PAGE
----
We used to roll our eyes at the claims made by supporters of the Second Amendment. In my former circles, “2A” was often interpreted, even by Constitutional scholars, and certainly by the news outlets which we read, as applying only to government-run militias such as the US Army or the National Guard. I was told more times than I could count that the Second Amendment was never meant to apply to individuals’ ownership of guns; and I believed that.

Grammar too was used to make the case against individual gun ownership. Often, commentators in our circles described the phrasing of the Second Amendment as being so twisted and archaic that no one today could never truly confirm the Founders’ intentions regarding gun ownership by individuals.

Indeed, I heard these truisms so often, that when I actually sat down and read the Second Amendment carefully — as I was writing my 2008 book about the decline of democracies, The End of America — I was startled: because the Second Amendment wasn’t unclear at all.

“A well regulated Militia, being necessary to the security of a free State, the right of the people to keep and bear Arms, shall not be infringed.” []

Critics on the Left of individual gun rights often described this sentence as being opaque because it has two clauses, and two commas prior to the final clause; so they read the first two sections as relating unclearly to the last assertion.

But if you are familiar with late 18th century rhetoric and sentence construction, the meaning of this sentence is transparent.

The construction of this sentence is typical of late 18th into early 19th century English grammar, in which there can be quite a few dependent clauses, gerunds and commas that come before the verb, and the object of, the sentence.

Thus, the correct way to read the Second Amendment, if you understand 18th century English grammar, is:

“A well-regulated Militia being necessary to the security of a free State, the right of the people to keep and bear arms shall not be infringed.”

Or, translated into modern English construction: “Because a well-regulated militia is necessary to the security of a free State, therefore the right of the people to keep and bear arms shall not be infringed.”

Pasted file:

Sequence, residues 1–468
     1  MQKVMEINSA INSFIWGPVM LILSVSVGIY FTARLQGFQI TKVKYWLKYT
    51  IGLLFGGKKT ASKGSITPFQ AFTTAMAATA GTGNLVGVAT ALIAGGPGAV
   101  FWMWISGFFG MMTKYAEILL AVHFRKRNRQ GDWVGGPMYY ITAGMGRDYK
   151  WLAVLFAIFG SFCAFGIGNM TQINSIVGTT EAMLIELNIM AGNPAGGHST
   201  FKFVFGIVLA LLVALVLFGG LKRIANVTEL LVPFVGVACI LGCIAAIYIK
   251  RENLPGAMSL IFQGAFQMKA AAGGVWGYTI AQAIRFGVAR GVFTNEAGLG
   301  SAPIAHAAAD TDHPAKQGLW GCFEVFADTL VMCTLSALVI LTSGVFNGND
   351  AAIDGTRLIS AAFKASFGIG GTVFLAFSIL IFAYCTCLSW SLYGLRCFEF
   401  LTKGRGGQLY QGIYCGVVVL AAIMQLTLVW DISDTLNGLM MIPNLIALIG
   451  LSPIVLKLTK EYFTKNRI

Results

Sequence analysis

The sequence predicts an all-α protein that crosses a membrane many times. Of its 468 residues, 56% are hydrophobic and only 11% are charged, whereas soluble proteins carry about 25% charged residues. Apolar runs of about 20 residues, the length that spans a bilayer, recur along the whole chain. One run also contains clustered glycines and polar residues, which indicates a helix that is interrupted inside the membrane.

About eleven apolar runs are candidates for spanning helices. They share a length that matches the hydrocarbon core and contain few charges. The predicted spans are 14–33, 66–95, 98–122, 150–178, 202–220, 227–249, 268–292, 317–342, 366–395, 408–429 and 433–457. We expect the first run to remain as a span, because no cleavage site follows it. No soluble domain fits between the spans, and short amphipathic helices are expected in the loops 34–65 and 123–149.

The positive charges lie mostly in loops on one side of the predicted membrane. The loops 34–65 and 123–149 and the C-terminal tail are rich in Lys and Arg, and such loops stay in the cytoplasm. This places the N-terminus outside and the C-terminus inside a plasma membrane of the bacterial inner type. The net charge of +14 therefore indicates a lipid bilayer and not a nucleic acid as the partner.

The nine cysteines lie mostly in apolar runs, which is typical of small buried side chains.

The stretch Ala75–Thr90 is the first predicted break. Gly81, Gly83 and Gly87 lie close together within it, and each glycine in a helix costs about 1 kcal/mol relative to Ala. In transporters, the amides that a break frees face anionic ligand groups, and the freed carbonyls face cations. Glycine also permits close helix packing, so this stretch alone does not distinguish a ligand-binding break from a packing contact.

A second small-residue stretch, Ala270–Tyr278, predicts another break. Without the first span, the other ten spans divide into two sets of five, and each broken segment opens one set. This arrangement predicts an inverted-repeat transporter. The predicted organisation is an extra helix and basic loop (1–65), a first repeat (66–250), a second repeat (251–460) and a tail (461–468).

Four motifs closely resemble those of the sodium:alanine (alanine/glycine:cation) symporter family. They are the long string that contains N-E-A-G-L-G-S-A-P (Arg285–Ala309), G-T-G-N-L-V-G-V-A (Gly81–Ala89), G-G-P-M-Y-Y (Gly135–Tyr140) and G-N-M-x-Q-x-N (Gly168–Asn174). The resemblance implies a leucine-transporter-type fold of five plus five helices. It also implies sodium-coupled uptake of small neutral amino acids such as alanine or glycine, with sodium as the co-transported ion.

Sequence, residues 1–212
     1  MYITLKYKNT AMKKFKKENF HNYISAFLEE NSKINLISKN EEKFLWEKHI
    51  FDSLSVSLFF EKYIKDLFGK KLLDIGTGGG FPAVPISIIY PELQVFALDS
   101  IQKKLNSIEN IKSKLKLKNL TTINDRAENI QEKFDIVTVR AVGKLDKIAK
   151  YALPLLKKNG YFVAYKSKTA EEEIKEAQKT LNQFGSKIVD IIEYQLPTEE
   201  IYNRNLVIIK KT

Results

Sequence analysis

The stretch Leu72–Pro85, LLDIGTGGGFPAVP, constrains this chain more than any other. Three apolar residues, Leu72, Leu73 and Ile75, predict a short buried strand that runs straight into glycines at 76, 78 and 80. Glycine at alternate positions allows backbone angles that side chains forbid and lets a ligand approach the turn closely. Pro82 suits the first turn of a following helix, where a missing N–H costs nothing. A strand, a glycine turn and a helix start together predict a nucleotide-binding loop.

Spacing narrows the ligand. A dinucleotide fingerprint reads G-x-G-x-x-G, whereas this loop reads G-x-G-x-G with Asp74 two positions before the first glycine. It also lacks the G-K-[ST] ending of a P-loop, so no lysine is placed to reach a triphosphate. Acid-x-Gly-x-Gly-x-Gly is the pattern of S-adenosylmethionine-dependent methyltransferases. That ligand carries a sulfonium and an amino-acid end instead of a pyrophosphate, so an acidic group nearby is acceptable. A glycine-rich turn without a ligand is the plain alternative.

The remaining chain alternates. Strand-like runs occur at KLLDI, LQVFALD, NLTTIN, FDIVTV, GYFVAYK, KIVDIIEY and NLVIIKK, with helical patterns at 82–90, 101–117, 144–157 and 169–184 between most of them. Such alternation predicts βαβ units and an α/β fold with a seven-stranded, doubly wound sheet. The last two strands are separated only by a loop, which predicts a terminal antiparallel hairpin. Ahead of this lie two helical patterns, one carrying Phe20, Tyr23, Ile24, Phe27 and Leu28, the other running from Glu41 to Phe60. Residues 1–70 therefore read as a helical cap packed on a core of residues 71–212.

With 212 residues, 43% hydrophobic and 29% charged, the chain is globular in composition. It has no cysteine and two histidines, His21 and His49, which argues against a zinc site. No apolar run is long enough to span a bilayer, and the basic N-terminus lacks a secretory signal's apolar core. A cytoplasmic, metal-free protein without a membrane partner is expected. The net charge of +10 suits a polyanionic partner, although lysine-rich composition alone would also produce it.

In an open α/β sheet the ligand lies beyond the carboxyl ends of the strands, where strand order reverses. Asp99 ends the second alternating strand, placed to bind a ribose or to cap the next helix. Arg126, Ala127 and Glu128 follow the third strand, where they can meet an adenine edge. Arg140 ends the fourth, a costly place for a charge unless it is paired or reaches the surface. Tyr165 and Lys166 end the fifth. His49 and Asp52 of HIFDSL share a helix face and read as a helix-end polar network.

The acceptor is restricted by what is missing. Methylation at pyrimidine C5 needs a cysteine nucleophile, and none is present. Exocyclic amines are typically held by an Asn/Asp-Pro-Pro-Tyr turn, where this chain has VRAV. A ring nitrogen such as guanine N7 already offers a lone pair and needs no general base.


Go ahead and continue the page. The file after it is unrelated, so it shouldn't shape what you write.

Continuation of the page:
Here is another example of many dependent clauses, commas and gerunds prior to the verb and object of the sentence: from the second paragraph of Thomas Paine’s pamphlet Common Sense (1776):

“As a long and violent abuse of power is generally the means of calling the right of it in question, (and in matters too which might never have been thought of, had not the sufferers been aggravated into the inquiry,) and as the King of England hath undertaken in his own right, to support the Parliament in what he calls Theirs, and as the good People of this Country are grievously oppressed by the Combination, they have an undoubted privilege to enquire into the Pretensions of both, and equally to reject the Usurpation of either.” [].

This would translate into modern English: “The good people of this Country are grievously oppressed by the combination of a long and violent abuse of power and of the King of England’s support of Parliament in what he calls his rights and theirs. Thus, the [good people of this country] have an undoubted privilege to enquire into [ask about] the Pretension [claims] of both [King and Parliament], and by the same token to reject the Usurpation [of rights] of either.” The logic of the sentence, with its multiple clauses, gerunds and commas before the final verb and object of the sentence, is perfectly clear to anyone who is familiar with 18th century rhetoric.

Here is the famous first sentence of Jane Austen’s Pride and Prejudice, with the similar construction — common still in 1813, though uncommon today — of two commas and two clauses prior to the verb and object of the sentence: “It is a truth universally acknowledged, that a single man in possession of a good fortune, must be in want of a wife.”

So: there is no ambiguity whatsoever about the Second Amendment to readers of Paine and Austen. The Second Amendment says with zero ambiguity, in the English grammar of 1787, that Americans have an absolute right (“shall not be infringed”) to keep (own) and bear (carry) arms because they as individuals may be summoned to become a ‘well-regulated militia’. In the grammar of the 18th century, it’s the militia that is ‘well-regulated’ – orderly, in a clear chain of command, not a chaotic mob — and not the guns.